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Hasta La Vista, Baby! Demolition of Remsen Street eyesore begins

Demolition is getting underway at 153 Remsen St. where an apartment tower is planned. Photo by Lore Croghan

Brooklyn Daily Eagle

So it begins.

Demolition of Brooklyn Heights eyesore 153 Remsen St. started in earnest Thursday, with a worker telling the Brooklyn Eagle that very, very soon the derelict commercial building will be history.

“In a month or two, this will all be gone,” he said, taking in it and two small neighboring residential and retail buildings, 155 and 157 Remsen St., with a sweep of his hand.

The new owner of the three properties, Upper West Side-based Quinlan Development Group, is planning a 185-foot-tall apartment tower at the site, the Eagle recently reported.

For the first time in years, the door to long-shuttered Saigon Garden at 153 Remsen stood open Thursday, while workers moved in and out.

So, too did the entry door to the apartments at 155 Remsen – where window panes on the upstairs floors have all been removed.

Workers board up empty window frames at 157 Remsen St. above PhysioLogic, which remains in the ground floor of the building. Photo by Lore Croghan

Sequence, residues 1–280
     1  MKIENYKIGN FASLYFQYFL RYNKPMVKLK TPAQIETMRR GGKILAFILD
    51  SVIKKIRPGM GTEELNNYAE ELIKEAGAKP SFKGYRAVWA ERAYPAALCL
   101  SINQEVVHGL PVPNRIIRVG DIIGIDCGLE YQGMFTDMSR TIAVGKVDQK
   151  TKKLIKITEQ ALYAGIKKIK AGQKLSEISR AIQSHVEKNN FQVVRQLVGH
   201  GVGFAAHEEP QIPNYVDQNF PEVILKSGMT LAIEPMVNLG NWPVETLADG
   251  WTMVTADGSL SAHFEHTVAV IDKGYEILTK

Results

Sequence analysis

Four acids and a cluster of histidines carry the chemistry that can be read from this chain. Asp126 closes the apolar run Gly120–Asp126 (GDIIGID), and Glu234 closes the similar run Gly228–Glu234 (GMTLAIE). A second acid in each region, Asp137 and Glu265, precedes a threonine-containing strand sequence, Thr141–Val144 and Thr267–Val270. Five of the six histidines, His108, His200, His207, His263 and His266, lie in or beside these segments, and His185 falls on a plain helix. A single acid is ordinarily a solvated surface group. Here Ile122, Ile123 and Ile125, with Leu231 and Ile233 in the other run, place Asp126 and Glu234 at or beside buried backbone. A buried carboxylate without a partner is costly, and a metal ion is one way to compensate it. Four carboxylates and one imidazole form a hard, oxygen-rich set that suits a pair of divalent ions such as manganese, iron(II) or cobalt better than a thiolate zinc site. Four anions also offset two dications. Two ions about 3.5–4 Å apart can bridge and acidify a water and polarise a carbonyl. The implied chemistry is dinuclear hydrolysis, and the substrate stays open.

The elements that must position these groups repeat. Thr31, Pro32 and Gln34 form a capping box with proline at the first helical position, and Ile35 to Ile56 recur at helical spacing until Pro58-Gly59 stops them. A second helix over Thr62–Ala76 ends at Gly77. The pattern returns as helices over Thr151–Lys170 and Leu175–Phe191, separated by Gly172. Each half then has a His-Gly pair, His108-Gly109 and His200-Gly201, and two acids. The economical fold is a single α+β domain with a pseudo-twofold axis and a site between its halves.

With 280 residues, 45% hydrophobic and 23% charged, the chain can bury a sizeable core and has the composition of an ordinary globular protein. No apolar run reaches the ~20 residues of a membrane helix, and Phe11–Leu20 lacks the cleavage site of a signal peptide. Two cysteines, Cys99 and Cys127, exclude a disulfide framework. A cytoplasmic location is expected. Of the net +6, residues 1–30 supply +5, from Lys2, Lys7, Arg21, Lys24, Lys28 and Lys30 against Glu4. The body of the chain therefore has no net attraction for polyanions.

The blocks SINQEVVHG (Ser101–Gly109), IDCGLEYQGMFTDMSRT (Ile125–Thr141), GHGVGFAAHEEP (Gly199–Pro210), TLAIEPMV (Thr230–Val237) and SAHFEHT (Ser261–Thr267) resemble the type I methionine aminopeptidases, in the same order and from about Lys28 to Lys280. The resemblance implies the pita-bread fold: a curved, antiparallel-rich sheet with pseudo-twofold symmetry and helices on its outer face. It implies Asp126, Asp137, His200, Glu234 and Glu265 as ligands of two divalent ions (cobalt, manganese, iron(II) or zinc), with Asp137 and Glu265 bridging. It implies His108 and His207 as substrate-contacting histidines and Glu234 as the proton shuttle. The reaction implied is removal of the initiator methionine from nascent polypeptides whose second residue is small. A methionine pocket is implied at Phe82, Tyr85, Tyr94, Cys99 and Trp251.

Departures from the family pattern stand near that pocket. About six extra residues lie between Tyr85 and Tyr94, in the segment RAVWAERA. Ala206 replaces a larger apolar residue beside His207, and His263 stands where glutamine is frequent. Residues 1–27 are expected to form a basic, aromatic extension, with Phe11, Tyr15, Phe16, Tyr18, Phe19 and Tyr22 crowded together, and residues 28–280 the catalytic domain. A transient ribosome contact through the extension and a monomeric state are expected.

At 157 Remsen, workers walked on a ledge, placing plywood in empty window frames. Below their feet, on the first floor, the last tenant in the buildings, a chiropractic service called PhysioLogic, remained open.

“We'd be done sooner if it weren't for them,” the demolition worker said of PhysioLogic.

PhysioLogic's director, Dr. Rudy Gehrman, did not respond by deadline to a request for comment.

Meanwhile, asbestos abatement is ongoing in his building and the two others through March 28, according to a sign posted at 157 Remsen.

The development site is located on a small stretch of Remsen Street that's outside the boundaries of Brooklyn Heights' historic district – so the city Landmarks Preservation Commission doesn't have a say in what gets built there.

The previous owner of 153 Remsen, the late Fred Musser, let the building fall into disrepair while he made plans to enlarge it and turn it into a boutique hotel. Quinlan let it continue to deteriorate.

Before scaffolding covered it last week, it was a once-handsome stone building gone bad, with smashed windows, torn awnings and graffiti all over it.

Quinlan bought the three buildings for $13.9 million last year, city records indicate.


March 13, 2014 - 4:30pm


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